The population of the county in 1860 was 1,113; in 1870, 7,648; and in 1875, 10,268. In 1878 the population was 12,618; and in 1882 it was 20,727.
Besides the coal interest described in another place, the farming and stock-raising resources have developed until in 1882, there were 8,302 acres of winter wheat yielding 190,946 bushels; and 52 acres of spring wheat producing 676 bushels. Exception yields were on the farms of E. A. Edmondson, Dragoon; Henry Rubo, Carbondale; and T. A. Bailey, Lyndon; which produced respectively, 40, 35 and 39 « bushels to the acre. Oats, 6,519 acres, producing 234,684 bushels; corn, 85,467 acres, yielding 3,247,746 bushels. Of millet and Hungarian there were 7,949 acres, producing 20,000 tons. There were 36,253 acres of meadow yielding 54,823 tons of hay. There were of cattle in the county 33,355 head; sheep, 6,591; hogs, 19,991; and of horses and mules, 8,225.
According to the U.S. Census Bureau, the county has a total area of 1,863 km² (719 mi²), of which 1,822 km² (704 mi²) is land and 41 km² (16 mi²), or 2.19%, is water.
Osage County's population was estimated to be 17,150 in the year 2005, an increase of 383, or +2.3%, over the previous five years.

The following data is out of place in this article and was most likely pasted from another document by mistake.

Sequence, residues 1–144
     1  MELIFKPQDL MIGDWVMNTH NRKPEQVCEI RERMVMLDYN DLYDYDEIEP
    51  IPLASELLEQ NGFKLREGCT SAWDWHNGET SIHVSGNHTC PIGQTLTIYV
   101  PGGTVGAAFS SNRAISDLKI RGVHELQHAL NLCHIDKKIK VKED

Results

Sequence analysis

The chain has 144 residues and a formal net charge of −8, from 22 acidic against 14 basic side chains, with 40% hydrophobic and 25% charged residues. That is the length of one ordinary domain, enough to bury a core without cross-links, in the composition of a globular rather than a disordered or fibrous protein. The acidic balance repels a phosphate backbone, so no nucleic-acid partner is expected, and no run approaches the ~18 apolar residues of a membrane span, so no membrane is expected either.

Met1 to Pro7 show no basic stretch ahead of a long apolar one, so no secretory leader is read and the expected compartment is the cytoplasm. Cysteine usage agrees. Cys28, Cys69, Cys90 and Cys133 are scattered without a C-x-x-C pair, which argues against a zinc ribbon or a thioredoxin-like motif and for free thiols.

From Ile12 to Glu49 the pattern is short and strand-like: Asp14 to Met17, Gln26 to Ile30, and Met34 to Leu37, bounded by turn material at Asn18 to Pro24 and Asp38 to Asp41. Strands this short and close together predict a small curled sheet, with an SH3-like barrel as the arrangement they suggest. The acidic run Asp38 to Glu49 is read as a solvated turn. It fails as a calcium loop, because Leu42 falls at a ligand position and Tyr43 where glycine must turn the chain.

At the U.S. Census in 2000, there were 16,712 people, 6,490 households, and 4,737 families residing in the county. The population density was 9/km² (24/mi²). There were 7,018 housing units at an average density of 4/km² (10/mi²). The racial makeup of the county was 97.27% White, 0.22% Black or African American, 0.65% Native American or Alaska Native, 0.17% Asian, 0.10% Pacific Islander, 0.41% from other races, and 1.18% from two or more races. Hispanic or Latino of any race were 1.53% of the population.
There were 6,490 households out of which 33.80% had children under the age of 18 living with them, 61.00% were married couples living together, 8.10% had a female householder with no husband present, and 27.00% were non-families. 23.50% of all households were made up of individuals and 11.50% had someone living alone who was 65 years of age or older. The average household size was 2.54 and the average family size was 2.99.
In the county the population was spread out with 27.00% under the age of 18, 6.40% from 18 to 24, 27.00% from 25 to 44, 23.70% from 45 to 64, and 15.80% who were 65 years of age or older. The median age was 39 years. For every 100 females there were 96.00 males. For every 100 females age 18 and over, there were 93.30 males.
The median income for a household in the county was $37,928, and the median income for a family was $44,581. Males had a median income of $30,670 versus $22,981 for females. The per capita income for the county was $17,691. About 6.40% of families and 8.40% of the population were below the poverty line, including 8.40% of those under age 18 and 10.40% of those age 65 or over.
Cities and towns
Name and population (2005 estimate):
Osage City, 2,987
Lyndon, 1,043 (county seat)
Unified school districts
Osage City USD 420
Lyndon USD 421
Santa Fe Trail USD 434
Burlingame USD 454
Marais des Cygnes Valley USD 456